Mikael for me, has earned his spot, and I think he has way more ultimate pace in him than James Jakes ever showed, and the new up and coming fan favourite is taking steps in the right direction, I just hope like his teammate, he can build for next season.
Overall Rating: 83
Rahal Lannigan Letterman Racing / Ed Carpenter Racing
#15 – Graham Rahal (2016 Ranking – 5th, 1 win, 484 Points)
The fiery Ohio native had a very consolidating season to back up 2015, where he very nearly won the Championship as an independent, before the French armada of Vautier and Bourdais put that dream to bed. But with back to back years as top Honda in the Championship, I think it’s fair to say that Graham Rahal has now truly become an elite driver in the series, a guy who can win any given race on any given day, and not to mention, one of the most aggressive and fastest drivers in the field, oval, road or street circuit. And he’s still one of the younger drivers in the field at 27!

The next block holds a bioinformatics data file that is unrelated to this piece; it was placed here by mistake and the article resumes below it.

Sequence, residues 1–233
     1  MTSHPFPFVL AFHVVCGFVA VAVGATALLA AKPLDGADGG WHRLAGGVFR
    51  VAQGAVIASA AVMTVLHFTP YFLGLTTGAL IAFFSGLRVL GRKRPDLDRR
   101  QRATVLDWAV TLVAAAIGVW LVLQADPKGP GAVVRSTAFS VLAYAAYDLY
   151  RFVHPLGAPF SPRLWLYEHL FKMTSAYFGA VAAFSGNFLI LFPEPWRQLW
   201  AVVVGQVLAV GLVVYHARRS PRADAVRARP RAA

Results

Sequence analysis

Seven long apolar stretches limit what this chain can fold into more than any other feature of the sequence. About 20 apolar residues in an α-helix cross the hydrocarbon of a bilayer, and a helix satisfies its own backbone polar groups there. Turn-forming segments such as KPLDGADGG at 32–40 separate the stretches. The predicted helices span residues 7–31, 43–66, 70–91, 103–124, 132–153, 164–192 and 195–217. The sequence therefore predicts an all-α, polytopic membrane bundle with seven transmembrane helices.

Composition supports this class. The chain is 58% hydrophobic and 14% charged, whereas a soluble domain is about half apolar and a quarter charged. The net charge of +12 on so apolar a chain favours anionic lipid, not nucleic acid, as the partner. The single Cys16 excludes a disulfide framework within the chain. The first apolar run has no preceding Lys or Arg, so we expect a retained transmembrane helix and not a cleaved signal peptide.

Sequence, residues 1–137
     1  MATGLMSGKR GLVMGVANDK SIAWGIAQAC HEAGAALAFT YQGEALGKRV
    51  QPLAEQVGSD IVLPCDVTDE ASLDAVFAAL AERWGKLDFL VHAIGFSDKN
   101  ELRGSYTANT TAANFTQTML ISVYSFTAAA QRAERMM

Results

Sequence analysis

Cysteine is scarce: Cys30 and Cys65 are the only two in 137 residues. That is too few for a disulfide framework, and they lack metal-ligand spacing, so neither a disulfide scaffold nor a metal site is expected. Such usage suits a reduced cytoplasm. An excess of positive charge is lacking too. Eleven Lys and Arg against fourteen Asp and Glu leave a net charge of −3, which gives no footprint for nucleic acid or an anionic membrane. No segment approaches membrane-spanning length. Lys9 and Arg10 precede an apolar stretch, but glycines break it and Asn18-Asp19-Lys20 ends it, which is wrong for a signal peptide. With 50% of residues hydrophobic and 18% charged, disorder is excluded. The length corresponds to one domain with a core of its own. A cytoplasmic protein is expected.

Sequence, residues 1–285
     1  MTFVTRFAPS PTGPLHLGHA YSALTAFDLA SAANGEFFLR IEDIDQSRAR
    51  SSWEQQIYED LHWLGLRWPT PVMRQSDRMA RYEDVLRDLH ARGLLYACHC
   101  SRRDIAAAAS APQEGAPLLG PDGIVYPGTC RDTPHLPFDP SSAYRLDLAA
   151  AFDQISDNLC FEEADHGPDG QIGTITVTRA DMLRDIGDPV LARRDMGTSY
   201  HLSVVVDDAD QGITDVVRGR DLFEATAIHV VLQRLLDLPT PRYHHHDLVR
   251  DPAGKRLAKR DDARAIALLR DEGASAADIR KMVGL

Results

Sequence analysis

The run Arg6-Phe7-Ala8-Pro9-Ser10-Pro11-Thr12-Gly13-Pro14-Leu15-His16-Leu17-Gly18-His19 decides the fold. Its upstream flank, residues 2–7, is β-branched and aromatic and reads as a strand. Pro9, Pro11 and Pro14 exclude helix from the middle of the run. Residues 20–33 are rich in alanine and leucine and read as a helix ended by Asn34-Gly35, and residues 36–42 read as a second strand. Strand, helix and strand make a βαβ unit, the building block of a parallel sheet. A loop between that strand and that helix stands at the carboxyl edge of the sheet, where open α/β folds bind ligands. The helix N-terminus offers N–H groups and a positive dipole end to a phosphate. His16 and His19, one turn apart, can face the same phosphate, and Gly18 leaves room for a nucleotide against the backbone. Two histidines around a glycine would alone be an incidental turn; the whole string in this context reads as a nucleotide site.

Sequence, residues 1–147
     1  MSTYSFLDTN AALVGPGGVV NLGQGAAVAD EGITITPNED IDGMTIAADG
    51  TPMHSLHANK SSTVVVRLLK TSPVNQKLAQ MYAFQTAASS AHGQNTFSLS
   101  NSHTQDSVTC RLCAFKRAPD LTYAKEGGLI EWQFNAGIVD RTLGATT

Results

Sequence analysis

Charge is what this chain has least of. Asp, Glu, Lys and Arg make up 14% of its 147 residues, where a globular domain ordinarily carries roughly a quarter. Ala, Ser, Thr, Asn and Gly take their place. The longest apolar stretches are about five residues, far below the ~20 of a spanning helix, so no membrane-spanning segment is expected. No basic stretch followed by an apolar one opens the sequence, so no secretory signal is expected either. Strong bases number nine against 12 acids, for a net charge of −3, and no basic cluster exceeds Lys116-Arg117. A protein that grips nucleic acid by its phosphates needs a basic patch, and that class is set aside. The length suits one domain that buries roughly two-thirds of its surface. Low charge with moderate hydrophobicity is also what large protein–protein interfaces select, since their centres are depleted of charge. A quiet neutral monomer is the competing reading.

Count em’ – 8 times he finished in the Top 5 this season, including 4 podiums and that legendary fist pumping win at Texas. The sky is the limit for Graham and it’s all the more impressive when you consider he’s pretty much on his own out there. He’s going to be a perennial contender for years to come. How did this guy go 126 races without winning again?
Overall Rating: 88 (90 Special Top Honda card)
#16/20 – Spencer Pigot (2016 Ranking – 21st, 165 Points)